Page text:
[0115] Several screens were produced in order to provide a test material suitable for test with several differing protective coating application techniques.

[0116] Parylene C was applied on a phosphor screen by a low-temperature, low-pressure application technique. The dimer chloro-di-para-xylylene was evaporated at 150° C. and broken down to the monomer at 690° C. The monomer vapor was guided to the vapor deposition chamber where polymerization took place on the phosphor screen surface.

[0117] Samples were covered with a coating of 10 μm thickness.

[0118] A solution is made of 20 g of the polysilazane Kion VL20 of Kion Corporation, Columbus, Ohio USA, in a solvent mixture of 30 g of toluene and 30 g of methylethylketone. Hereto, 10 g of a 30 wt % solution of polymethymethacrylate-co-butylmethacrylate is added. As a thermal initiator, 5 g of tertiair-butylperoxy-2-ethylhexyl-carbonate was mixed into the solution, becoming a clear, colorless solution. The solution was applied by means of dipcoating onto the phosphor screen with a parylene-layer, and cured for 20 hours in a drying oven at 90° C. The cured polysilazane-acrylate coating with high abrasion resistivity, was a clear, transparent and colorless layer (coating A) having a thickness of about 10 μm.

[0119] In a second application (coating B), 2 g of a polysilazane was dissolved in 10 g of toluene. Hereto, 2 g of a 20 wt % solution of dimethyl-2,2-azobis(2-methylpropionate) was added dropwize under strong homogenization. After 30 minutes of stirring, the solution was applied by means of bar-coating onto the phosphor screen with a parylene-layer, and cured for 1 hour at 120° C.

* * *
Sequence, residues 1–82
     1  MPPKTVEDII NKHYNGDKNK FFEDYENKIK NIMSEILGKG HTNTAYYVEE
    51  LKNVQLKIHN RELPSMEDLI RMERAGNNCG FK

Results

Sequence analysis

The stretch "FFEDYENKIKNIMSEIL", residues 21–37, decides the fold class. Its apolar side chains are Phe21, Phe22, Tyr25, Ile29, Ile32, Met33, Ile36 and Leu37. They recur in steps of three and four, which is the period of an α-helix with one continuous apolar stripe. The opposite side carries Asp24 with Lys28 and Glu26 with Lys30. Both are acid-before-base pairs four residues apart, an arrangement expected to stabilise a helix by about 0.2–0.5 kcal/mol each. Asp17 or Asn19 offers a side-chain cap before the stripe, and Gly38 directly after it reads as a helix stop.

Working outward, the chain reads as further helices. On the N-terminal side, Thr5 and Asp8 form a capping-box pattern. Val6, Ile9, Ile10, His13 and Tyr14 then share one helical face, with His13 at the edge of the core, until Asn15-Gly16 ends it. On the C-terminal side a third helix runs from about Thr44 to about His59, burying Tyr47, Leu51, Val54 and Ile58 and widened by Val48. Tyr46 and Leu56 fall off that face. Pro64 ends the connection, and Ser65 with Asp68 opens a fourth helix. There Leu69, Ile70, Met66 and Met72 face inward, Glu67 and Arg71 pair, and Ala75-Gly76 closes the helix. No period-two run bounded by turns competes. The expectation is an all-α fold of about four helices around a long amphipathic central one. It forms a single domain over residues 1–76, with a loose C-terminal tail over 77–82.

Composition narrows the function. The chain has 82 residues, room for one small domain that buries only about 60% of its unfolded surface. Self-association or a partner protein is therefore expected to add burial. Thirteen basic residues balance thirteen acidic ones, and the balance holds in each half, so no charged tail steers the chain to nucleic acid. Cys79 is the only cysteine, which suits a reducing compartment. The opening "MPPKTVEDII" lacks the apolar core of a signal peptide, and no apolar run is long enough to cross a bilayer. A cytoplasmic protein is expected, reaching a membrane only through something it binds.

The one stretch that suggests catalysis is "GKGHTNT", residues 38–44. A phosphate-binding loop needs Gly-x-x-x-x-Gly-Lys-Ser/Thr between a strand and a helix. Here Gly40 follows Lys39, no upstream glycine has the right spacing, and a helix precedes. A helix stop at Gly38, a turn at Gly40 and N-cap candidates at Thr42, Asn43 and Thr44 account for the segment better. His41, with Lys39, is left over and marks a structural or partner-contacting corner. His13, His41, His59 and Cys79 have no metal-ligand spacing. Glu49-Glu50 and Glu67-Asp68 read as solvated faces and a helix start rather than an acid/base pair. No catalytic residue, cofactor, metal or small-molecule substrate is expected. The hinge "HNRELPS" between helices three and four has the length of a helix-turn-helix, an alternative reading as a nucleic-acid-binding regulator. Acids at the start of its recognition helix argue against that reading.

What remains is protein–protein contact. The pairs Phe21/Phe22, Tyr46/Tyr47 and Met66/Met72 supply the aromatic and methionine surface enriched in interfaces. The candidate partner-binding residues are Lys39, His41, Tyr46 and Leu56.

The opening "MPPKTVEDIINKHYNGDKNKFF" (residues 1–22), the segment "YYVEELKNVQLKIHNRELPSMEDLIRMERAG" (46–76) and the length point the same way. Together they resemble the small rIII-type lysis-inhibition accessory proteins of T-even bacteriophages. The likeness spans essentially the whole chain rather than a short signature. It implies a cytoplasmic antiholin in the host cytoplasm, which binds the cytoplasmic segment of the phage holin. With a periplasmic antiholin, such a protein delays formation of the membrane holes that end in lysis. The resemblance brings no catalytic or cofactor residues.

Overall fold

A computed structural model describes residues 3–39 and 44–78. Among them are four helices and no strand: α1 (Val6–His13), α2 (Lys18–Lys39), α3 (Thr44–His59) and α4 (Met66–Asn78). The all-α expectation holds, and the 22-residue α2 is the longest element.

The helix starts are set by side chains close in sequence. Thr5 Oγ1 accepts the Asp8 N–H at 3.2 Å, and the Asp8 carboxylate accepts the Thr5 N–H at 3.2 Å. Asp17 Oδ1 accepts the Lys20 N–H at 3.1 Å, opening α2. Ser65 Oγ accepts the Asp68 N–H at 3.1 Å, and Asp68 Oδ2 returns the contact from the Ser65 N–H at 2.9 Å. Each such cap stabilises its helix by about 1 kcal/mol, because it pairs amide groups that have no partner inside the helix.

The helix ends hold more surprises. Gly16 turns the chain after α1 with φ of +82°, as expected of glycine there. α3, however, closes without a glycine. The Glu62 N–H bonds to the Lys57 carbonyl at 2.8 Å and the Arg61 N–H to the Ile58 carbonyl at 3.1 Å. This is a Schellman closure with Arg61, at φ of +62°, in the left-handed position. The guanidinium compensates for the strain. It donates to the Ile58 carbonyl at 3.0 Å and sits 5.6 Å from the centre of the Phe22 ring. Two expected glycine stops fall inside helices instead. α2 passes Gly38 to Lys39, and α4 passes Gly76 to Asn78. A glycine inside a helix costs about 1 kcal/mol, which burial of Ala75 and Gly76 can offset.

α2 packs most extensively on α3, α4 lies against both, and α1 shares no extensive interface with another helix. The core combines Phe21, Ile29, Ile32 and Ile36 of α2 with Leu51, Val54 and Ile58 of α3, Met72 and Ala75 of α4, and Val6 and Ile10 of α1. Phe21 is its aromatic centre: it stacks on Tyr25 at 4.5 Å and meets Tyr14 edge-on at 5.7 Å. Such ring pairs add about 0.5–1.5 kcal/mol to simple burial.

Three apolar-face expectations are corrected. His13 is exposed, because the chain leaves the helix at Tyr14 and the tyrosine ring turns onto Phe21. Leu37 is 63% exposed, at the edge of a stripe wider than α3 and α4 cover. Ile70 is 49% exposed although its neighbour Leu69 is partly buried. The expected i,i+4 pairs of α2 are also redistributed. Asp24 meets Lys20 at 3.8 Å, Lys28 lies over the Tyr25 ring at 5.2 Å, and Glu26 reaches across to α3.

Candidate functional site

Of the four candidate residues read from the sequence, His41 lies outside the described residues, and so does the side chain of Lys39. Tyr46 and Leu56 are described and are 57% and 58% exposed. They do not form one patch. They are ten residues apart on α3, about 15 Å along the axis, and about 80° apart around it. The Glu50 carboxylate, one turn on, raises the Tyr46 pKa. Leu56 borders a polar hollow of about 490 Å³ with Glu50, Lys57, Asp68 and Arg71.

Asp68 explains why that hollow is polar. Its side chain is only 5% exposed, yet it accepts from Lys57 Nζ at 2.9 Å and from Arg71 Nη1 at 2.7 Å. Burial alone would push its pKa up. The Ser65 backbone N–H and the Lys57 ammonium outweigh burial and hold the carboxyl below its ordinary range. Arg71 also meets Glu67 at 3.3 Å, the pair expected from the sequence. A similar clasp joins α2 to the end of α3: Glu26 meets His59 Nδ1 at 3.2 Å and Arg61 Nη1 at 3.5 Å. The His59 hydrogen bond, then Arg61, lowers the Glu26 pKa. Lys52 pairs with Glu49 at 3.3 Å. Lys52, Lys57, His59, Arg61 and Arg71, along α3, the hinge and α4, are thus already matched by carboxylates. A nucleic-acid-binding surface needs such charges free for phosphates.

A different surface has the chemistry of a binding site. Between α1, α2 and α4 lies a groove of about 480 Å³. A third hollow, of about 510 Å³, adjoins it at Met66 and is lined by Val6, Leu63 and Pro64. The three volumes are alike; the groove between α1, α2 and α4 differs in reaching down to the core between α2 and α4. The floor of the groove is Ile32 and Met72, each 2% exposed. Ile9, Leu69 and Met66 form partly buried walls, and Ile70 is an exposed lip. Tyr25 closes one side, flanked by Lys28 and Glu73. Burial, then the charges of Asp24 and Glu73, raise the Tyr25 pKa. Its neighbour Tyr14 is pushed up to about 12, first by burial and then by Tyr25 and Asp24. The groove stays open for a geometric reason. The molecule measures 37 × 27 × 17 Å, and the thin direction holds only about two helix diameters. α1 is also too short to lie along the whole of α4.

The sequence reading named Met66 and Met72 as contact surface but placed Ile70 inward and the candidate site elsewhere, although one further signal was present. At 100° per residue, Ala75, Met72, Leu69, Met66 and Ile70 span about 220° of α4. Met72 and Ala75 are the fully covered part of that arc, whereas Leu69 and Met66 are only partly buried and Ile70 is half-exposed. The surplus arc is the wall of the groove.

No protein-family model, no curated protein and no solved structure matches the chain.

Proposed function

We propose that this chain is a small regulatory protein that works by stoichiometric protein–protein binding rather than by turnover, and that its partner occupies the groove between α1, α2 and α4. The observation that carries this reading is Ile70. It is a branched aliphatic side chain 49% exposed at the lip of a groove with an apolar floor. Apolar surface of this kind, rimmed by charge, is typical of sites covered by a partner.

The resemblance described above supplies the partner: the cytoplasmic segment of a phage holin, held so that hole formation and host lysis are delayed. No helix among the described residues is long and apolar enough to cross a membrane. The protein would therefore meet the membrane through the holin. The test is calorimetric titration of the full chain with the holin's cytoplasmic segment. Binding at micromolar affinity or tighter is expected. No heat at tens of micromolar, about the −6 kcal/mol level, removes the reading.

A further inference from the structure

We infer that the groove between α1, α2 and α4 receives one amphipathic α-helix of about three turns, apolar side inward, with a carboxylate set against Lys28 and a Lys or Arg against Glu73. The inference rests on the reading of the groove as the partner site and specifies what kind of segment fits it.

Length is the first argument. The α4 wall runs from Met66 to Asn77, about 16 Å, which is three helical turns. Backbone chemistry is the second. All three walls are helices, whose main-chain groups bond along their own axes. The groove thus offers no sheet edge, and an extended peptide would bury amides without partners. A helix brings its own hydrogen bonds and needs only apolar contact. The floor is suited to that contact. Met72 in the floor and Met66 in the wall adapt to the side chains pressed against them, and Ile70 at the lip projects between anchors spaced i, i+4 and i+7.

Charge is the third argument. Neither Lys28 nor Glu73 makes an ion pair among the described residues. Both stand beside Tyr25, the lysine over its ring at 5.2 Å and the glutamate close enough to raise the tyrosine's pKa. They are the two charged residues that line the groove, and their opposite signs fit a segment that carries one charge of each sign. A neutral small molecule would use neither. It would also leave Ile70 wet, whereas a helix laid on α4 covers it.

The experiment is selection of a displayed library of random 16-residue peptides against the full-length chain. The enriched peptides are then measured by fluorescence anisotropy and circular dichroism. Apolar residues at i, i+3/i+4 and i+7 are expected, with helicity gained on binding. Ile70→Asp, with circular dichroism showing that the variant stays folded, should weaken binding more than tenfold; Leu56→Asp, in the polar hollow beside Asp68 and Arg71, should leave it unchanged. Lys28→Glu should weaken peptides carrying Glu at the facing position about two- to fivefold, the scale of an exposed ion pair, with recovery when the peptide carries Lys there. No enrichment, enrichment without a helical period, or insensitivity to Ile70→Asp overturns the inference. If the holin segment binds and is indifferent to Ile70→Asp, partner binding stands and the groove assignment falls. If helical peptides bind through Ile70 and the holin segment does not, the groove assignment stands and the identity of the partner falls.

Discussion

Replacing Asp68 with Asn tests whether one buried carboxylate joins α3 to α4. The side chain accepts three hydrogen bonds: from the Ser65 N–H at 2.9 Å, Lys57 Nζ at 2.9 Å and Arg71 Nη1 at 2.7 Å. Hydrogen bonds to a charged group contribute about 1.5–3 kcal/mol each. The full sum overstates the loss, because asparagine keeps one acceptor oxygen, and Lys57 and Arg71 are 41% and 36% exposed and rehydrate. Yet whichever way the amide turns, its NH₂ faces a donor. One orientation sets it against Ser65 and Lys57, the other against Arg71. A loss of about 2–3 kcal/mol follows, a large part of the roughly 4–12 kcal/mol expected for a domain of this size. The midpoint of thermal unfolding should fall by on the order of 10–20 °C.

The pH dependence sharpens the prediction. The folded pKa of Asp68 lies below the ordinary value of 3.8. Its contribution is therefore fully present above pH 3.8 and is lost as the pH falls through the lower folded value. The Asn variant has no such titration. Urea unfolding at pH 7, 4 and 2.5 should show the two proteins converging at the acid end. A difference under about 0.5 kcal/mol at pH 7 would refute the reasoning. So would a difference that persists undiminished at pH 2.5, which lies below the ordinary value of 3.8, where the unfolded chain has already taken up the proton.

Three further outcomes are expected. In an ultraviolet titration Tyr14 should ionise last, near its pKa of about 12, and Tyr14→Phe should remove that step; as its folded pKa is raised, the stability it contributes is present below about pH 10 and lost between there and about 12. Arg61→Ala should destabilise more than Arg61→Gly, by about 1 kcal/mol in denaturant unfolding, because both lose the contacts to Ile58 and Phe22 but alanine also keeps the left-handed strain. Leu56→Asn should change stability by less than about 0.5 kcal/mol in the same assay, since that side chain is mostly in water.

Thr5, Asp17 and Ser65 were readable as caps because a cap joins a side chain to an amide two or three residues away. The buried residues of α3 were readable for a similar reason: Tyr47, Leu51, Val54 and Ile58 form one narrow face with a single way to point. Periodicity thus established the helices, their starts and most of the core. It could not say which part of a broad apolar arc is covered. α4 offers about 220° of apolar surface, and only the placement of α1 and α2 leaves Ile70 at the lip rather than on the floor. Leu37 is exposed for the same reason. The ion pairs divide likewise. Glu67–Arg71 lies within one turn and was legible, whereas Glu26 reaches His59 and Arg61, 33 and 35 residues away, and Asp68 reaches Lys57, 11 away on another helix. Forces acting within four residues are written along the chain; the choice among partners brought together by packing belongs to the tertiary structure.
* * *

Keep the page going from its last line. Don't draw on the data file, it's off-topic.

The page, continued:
[0120] The cured coating combined high abrasion resistivity with elasticity and transparency.

[0121] For coating C, a polysilazane solution was made by dissolving 20 g in 20 g of methylethylketone. Hereto, 20 g of Servocure RT184 of Servo, The Netherlands, was added, together with 20 g of Ebecryl 1290 by UCB Radcure, Belgium. The solution was homogenized by stirring during 2 hours. Then, 4 g of Darocur 1173 by Ciba, Germany, was added. The lacquer was applied by means of sieve printing and cured with strong UVA-light with an intensity of at least 200 mW/cm2 In another application (coating D), a solution of polysiloxazane and urethane acrylates was sprayed onto the phosphor screen with a parylene-coat and cured under the influence of atmospheric moisture at 60° C. during 20 hours, in order to become a 6 μm abrasion-resistant, clear, elastic, non-brittle layer.

[0122] The applied polymeric solution was a mixture of 7.5 g of poly(oxy-1,2-ethanediyl-hydro-(1-oxo-2-propenyloxy))-ether, 2.5 g of 2-ethyl-2(hydroxymethyl)-1,3-propanediol, 5 g of hexanediol-diacrylate, 15 g of a hexafunctional urethane-acrylate-oligomer and 60 g of Kion ML33/C33 by Kion Corporation, Columbus, USA, dissolved in 400 g of methylethylketone and 300 g of methoxypropanol.

[0123] In order to avoid cracks and irregularities due to shrinkage during curing when applying thick coatings, it is recommended to provide said thicker coatings by application of multilayers (double or even triple coatings of polysilazane precursor solutions).

[0124] The abrasion resistance of the applied coatings was evaluated with a Teledyne Taber 5130 Abraser with Calibrase CS10F elements, sandpaper P220 and a load of 250 g on each element, as described in ASTM D1044. Loss of layer mass was measured after 100 cycles.